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					      Family Business Tools:

  Family Meetings, Advisory
Boards and Boards of Directors

         Presented by
   Work Volf Consultants, LLC

        College of Charleston
       Room 301 Beatty Center
                   You’re not in this alone:
             Family Owned Businesses in America

1.    About 90% of all U.S. businesses are family
      owned or controlled.
2.    Sizes range from the traditional small
      business to a third of the Fortune 500 firms.
3.    They generate an estimated half of the
      country’s Gross National Product and half of
      the total wages paid.
4.    Less than 1/3 survive the transition from 1st
      to 2nd generation ownership. Of those that
      do, about 1/2 do not survive the transition
      from 2nd to 3rd generation ownership.
Source: Small Business Administration; Nancy Bowman-Upton (1991)




                                          Product of Work Volf Consultants
         Common Family Business Issues,
                                     Deciding…

•Who will participate in the business
• How leadership and ownership will be transferred
• How to help the founder change roles or leave the business
• About liquidity and estate taxes
• If and how to attract and retain non-family executives
• About family compensation – equity (genes) or merit
• How to choose successors
• How to strengthen family/shareholder harmony
Source: Small Business Administration; Nancy Bowman-Upton (1991)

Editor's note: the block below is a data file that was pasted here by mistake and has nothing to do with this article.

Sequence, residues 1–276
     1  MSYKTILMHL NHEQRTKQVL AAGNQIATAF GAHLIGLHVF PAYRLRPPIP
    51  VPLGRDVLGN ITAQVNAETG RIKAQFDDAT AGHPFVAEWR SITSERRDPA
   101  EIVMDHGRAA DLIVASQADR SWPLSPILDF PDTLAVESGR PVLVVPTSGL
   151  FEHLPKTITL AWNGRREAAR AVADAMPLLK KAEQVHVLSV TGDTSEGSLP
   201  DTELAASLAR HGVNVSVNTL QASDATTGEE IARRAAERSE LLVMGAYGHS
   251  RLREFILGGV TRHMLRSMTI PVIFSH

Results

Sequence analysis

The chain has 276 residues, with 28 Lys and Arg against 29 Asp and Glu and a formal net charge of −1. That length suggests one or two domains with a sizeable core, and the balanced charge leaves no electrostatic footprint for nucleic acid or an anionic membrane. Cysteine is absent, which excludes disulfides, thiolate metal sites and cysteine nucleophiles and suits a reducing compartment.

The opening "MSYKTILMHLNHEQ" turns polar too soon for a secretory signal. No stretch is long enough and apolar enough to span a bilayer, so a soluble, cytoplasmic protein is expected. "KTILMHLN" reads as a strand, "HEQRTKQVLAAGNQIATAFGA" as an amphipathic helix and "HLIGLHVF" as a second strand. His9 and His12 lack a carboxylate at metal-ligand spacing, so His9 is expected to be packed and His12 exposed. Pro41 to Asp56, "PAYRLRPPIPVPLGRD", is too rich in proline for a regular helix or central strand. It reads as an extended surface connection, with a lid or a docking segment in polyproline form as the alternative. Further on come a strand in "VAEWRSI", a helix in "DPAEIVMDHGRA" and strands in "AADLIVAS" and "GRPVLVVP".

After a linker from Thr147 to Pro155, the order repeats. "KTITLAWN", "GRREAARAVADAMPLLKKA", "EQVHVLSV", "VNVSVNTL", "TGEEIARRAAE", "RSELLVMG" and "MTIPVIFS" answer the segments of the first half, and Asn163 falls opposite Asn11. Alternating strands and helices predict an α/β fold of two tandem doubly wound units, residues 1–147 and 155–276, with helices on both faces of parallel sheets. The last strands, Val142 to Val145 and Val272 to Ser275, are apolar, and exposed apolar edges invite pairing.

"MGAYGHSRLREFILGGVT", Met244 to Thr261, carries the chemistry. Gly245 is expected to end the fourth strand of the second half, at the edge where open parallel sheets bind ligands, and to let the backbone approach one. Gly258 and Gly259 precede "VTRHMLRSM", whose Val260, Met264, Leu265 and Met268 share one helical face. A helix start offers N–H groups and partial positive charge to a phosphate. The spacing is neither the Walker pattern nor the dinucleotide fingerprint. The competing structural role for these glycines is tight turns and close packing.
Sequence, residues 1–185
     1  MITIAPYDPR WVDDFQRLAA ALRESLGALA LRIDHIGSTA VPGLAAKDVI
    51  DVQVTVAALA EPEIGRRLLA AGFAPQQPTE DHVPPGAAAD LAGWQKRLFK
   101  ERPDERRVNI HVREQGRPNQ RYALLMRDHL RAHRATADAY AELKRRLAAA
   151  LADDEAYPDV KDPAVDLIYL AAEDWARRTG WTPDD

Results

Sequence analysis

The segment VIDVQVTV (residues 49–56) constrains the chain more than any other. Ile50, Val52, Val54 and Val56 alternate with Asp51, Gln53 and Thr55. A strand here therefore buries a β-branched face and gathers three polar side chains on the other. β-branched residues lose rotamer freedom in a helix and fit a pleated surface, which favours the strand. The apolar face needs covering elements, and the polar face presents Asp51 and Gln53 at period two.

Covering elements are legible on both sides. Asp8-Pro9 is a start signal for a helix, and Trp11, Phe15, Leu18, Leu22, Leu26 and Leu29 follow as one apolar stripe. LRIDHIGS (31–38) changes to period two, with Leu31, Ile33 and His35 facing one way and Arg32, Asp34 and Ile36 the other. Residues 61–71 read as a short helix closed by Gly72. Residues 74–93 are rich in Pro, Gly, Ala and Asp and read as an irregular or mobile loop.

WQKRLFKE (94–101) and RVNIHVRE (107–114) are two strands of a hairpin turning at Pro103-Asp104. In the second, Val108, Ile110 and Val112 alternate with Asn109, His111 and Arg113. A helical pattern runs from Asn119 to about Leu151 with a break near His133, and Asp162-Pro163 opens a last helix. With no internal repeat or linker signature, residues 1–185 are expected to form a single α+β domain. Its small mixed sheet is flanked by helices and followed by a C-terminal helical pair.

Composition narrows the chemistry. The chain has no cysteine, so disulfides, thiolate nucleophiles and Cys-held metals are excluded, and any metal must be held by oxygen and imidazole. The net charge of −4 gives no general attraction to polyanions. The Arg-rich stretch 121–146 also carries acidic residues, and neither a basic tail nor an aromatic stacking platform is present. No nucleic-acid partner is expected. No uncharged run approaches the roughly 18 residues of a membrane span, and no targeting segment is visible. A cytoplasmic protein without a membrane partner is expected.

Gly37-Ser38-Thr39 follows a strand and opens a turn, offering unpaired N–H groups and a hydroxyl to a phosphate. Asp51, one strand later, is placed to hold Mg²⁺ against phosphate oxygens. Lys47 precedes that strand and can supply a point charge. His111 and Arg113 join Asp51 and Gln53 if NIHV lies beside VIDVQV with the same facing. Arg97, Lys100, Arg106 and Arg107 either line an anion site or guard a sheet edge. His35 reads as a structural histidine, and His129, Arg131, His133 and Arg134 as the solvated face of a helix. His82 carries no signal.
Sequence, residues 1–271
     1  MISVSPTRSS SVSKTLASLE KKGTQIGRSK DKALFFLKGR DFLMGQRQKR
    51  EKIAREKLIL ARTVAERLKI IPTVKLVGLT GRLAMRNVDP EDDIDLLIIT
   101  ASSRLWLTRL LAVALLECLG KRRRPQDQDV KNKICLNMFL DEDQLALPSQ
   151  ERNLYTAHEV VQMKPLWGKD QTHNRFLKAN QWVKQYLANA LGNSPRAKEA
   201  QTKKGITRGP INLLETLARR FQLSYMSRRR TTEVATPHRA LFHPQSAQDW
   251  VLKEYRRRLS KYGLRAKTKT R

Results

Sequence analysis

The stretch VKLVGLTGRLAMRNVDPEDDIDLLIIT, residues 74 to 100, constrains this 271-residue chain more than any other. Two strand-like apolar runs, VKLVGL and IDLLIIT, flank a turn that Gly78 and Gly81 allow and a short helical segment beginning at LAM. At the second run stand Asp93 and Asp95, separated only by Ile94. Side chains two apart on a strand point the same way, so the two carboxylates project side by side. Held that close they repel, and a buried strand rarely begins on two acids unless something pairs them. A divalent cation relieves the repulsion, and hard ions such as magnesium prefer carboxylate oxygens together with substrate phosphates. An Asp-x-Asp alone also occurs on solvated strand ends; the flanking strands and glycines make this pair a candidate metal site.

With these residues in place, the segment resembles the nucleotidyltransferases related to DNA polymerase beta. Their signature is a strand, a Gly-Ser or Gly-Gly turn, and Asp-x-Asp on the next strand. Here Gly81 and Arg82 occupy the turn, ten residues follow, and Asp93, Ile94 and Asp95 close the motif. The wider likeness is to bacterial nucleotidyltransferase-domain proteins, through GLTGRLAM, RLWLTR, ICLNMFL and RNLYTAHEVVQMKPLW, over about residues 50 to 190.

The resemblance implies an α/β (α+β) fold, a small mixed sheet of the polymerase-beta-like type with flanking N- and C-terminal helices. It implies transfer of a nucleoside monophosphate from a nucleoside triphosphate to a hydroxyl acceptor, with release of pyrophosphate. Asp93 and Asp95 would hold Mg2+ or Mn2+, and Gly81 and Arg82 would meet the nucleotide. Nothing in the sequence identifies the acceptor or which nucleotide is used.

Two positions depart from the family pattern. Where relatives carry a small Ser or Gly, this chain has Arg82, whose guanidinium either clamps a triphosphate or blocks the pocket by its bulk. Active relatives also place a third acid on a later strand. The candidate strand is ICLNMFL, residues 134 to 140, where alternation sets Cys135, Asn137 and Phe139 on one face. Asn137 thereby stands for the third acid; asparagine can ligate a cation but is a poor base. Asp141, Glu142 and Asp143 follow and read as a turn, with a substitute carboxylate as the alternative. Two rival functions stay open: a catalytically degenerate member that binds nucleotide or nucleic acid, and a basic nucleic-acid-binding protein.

Product of Work Volf Consultants
    Communications, conflict resolution
    and decision making require TOOLS

   Formalized structures
   Agreement about how to do these actions
   A safe environment in which to conduct
    the business (often requires a neutral
    facilitator)
   Separation between business and family
   And what else?


               Product of Work Volf Consultants
       Hold FORMAL family meetings for business:
              How do they work?                   (See Handouts 1 and 2)

   Who’s in charge?
   How are decisions made?
   What’s on the agenda?
   Who should attend?
   Is the subject matter BIG? What
    about a retreat?
   What are the rules? Be on time, be
    prepared and listen.
   What happened? What decisions
    were made?
   What’s next?

                           Product of Work Volf Consultants
Consider having an outside board; why?